15. I don't know if creative types are more likely to be surrounded by clutter, but I do know that a certain amount of clutter is required before one can create. I've read a lot of interviews with artists who describe their processes, and it always involves testing this and that to see how they look together. One person's clutter is another's necessity.

    About 6 weeks after my periodic purging of possessions, I used to have an urgent need for one of the purged objects. I had a very neat apartment and was not at all creative.

    Now I have a rule. For every new thing I bring in, 2 things must leave.

  16. We had the rule once too, Laura. Thanks for the reminder!

  17. Peter, here is my 3 part rule for dividing up stuff.

    Category 1: If someone came to my house and stole it, I would miss it. Hard.
    Category 2: If someone came to my house and stole it, it might be slightly inconvenient, but I wouldn't be crying/hunting for an immediate replacement.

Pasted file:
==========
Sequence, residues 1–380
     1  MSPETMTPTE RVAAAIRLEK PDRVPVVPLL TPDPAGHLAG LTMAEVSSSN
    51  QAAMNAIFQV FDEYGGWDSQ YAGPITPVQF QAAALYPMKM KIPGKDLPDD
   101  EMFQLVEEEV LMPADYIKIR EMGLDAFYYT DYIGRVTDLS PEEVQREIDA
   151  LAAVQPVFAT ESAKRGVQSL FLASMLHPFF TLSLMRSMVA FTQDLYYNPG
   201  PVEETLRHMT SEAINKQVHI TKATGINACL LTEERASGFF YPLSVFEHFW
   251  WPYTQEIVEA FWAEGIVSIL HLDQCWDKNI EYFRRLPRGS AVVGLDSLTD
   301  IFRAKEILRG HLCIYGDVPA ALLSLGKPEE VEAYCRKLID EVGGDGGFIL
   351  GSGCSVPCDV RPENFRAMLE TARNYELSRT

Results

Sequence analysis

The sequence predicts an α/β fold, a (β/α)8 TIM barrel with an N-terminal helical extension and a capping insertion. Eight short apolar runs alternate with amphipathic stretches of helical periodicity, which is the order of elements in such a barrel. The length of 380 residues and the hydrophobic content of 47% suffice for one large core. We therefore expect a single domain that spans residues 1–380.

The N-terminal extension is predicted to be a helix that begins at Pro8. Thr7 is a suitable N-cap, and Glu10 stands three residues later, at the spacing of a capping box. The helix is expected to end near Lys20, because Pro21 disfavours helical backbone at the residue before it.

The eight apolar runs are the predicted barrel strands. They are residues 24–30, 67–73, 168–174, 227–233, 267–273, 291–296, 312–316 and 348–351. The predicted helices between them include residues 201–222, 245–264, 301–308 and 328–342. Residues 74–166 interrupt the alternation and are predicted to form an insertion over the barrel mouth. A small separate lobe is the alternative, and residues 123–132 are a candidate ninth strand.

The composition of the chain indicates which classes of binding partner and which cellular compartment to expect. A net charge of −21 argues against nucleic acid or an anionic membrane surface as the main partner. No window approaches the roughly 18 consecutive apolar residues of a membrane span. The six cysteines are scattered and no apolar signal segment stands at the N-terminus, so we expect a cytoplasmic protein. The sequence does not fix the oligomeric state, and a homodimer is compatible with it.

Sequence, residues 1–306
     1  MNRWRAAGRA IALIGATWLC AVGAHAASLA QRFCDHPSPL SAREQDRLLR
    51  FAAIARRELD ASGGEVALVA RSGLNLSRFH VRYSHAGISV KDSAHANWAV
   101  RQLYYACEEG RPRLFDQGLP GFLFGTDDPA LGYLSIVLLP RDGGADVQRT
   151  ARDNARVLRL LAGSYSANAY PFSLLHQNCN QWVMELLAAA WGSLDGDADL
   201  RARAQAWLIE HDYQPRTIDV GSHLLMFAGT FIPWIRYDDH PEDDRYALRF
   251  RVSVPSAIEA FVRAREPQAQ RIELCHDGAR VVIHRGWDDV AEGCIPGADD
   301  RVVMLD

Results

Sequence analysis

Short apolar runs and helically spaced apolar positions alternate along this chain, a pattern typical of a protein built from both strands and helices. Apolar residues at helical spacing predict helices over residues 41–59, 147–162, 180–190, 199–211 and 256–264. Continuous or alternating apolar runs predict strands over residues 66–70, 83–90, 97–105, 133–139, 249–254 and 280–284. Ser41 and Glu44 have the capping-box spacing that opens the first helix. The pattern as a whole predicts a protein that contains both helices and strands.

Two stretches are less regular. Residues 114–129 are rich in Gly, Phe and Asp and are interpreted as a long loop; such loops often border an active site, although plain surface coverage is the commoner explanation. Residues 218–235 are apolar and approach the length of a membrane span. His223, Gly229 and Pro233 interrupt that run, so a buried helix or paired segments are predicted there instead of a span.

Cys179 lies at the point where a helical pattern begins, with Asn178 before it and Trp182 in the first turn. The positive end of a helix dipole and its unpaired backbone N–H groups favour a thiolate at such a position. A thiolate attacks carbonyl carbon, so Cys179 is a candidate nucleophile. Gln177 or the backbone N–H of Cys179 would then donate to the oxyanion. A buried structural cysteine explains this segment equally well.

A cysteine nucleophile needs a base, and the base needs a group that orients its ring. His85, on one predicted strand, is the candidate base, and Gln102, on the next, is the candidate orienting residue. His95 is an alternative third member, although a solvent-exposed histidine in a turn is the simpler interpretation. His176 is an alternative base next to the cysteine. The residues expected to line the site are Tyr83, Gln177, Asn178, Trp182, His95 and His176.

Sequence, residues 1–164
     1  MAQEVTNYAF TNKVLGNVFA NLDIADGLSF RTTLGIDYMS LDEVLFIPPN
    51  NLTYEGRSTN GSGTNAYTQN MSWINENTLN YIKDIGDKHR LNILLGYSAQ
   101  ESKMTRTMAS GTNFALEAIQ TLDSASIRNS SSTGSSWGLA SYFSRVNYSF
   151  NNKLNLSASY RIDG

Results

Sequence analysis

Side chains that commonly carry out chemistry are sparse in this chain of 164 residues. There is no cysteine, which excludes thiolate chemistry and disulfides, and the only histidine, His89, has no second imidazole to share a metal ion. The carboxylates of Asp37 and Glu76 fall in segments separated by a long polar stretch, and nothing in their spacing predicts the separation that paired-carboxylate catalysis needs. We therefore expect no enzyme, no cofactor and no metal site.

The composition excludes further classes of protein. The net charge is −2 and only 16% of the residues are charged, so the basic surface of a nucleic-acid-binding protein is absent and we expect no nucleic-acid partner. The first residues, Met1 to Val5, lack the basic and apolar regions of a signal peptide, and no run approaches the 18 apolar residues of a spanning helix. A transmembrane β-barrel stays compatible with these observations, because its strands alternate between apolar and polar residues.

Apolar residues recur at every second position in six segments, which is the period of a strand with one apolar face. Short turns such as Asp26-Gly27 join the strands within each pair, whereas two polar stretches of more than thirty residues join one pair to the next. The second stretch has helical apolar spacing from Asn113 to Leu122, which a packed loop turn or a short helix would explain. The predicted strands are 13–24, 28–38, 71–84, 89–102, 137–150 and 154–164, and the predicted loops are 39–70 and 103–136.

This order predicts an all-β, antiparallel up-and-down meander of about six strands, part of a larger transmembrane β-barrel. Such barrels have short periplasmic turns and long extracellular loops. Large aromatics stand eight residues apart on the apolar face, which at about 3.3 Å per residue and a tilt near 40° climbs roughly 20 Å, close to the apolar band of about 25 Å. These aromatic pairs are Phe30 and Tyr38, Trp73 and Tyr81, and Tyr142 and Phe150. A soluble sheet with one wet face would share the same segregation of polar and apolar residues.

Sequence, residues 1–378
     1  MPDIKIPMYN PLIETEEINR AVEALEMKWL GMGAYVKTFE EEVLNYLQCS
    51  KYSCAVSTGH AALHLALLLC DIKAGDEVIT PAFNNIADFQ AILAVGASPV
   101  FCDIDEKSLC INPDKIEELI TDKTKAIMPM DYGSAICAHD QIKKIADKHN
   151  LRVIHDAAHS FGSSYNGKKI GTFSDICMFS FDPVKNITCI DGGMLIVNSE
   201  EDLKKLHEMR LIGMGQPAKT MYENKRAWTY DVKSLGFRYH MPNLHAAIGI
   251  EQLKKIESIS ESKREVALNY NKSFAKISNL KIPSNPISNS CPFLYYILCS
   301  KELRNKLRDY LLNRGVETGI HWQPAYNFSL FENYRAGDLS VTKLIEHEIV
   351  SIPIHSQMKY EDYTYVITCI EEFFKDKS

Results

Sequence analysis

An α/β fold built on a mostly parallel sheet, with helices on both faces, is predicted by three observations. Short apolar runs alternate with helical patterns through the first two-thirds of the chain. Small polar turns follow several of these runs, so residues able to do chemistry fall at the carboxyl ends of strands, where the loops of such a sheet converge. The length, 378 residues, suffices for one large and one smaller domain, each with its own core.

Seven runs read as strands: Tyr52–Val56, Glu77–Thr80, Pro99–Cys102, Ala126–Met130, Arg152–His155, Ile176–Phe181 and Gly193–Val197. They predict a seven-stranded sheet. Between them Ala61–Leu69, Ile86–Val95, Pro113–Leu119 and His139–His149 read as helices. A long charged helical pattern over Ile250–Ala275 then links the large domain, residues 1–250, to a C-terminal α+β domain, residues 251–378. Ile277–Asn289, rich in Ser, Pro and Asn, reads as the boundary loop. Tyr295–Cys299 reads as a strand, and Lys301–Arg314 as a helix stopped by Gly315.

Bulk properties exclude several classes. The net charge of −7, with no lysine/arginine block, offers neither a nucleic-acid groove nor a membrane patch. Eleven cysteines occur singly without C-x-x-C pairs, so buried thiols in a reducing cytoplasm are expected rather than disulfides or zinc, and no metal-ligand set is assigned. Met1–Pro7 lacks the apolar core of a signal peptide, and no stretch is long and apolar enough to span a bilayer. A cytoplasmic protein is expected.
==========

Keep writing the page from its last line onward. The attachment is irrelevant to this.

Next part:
Category 3: If someone came to my house and stole it, I would be so happy that it was gone that I wouldn't care about the stealing.

    If you've got stuff that you fantasize about being able to sell, or wish that it was Just. Gone. "magically" that is your Cat. 3 stuff.

    This classification works because it removes the consideration of utility. I was raised by Depression babies, and my mom wouldn't throw stuff out until it was used up. If I use the criteria of dividing things into "used up" or "still good" it doesn't help me, it makes me feel forced to keep that "still good" thing even if I hate it or it doesn't work for me or it was a waste of money that I ought to try to get my money's worth out of.

    The "if someone stole it" is magical thinking, but it works.